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FEATURE: VIEW FROM THE VIRTUAL CLASSROOM


View from the virtual classroom


encouraged to discover their talents in a caring environment that fosters a genuine enthusiasm for learning in an evolving world filled with complex challenges and exciting new possibilities


How has the school continued to provide stability for families and how have teachers coped with the changes? As the country moved into lockdown, we were keen to encourage routine and structure to our days from the outset and this has really helped our pupils to focus on their learning. As a family that means getting up for breakfast together, taking a daily walk and feeling connected – family time is super important for productive learning. Providing stability and familiarity has been a


T


his month, in our final look at remote learning in the UK’s classrooms, we speak


to Lara Pechard, Headteacher at St Margaret’s School in Bushey, who shares her insight into how the school is benefiting from remote learning in the classroom.


Tell us about your school St Margaret’s School is an independent day and boarding school for pupils aged 3 to 18 years. Based in Bushey, Hertfordshire, the school is steeped in history and is among one of the oldest in the UK dating back to 1749. Offering a range of flexible boarding options for both UK and international pupils from the age of 11 years, the school is set over 60 acres of beautiful grounds and places its renowned pastoral care and proven track record of academic success at the heart of its culture and ethos. With a rich programme of extra-curricular activities, its pupils are


lifesaver for parents too, especially as our lessons have been delivered virtually through Google meet. This has been a learning curve for every school but teachers have risen to the challenge and there is a lot of great stuff happening every day regardless of the fact that we are physically separated. For some of our staff it has given them a renaissance and there are features of our provision, including extra enhancements in the co-curricular and pastoral support that will continue long after Covid-19. Proving that lessons are also being learned for the better. The key aim has been to provide the same


sense of routine and structure as we would in a normal school week. Assemblies have continued, many are presented live and others recorded and sent out.


What has inspired a spirit of learning and togetherness? Story time has continued in the Junior School albeit virtually, the school teddy bear has been replaced by the pupils’ own teddy bears, which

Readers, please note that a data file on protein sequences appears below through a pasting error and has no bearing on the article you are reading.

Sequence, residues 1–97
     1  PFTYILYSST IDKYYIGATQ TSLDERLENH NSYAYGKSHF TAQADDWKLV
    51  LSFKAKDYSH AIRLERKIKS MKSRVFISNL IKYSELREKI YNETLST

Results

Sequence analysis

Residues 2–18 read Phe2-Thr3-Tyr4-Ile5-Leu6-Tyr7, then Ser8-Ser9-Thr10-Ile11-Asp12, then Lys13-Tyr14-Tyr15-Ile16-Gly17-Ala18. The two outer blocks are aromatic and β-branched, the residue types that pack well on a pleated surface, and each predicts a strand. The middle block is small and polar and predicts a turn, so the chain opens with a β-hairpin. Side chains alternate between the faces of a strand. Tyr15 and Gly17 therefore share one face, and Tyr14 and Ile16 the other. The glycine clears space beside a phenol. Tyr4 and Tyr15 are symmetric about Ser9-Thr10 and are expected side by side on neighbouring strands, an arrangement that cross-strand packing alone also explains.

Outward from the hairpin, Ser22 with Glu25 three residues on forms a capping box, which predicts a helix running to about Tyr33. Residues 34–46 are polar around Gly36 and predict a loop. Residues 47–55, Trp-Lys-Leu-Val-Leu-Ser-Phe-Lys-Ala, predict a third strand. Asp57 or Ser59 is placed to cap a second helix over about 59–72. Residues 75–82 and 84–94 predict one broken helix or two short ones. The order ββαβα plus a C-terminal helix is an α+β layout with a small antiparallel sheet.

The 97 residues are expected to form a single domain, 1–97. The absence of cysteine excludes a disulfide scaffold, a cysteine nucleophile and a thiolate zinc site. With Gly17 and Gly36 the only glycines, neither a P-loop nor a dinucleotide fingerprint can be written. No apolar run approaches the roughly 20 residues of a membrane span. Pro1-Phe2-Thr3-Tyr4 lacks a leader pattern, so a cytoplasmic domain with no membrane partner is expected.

16 www.education-today.co.uk


has given them a sense of comfort and belonging. This is very important for younger children who will need constant support and reassurance. Keeping active has also helped our younger learners in combining exercise with play. The Sports department has also posted daily exercise videos for older pupils to follow in their gardens. Remote learning has also given us the


opportunity to encourage our pupils to be creative and to try and consider starting something new. There has been such a range of activities to try and setting up a new ‘Head’s Award’ to celebrate and recognise these has also helped to motivate pupils. Pupils have shared everything from photography collections, music compositions, and documentary films to creative writing reflecting their feelings about the current crisis. We have also encouraged culinary efforts with online video recipes and lessons.


How have remote music lessons helped generate a sense of togetherness? The music department has been asking children to join in a ‘virtual choir’ and one class is singing a different song together every day. There is an online music festival made up of pupils' individual performances and compositions, and ensemble performances from Reception through to Sixth Form. For any ensemble performances, pupils record themselves at home and then audio is mixed to create the whole ensemble performance. So far, we have had Reception - Year 2 songs, Year 3 - 6 songs, and Senior School Choir and Orchestra pieces. Staff have also been keen to participate in these ensemble performances. Shared widely within our community, these songs have created a sense of togetherness otherwise lost during lockdown and


July/August 2020


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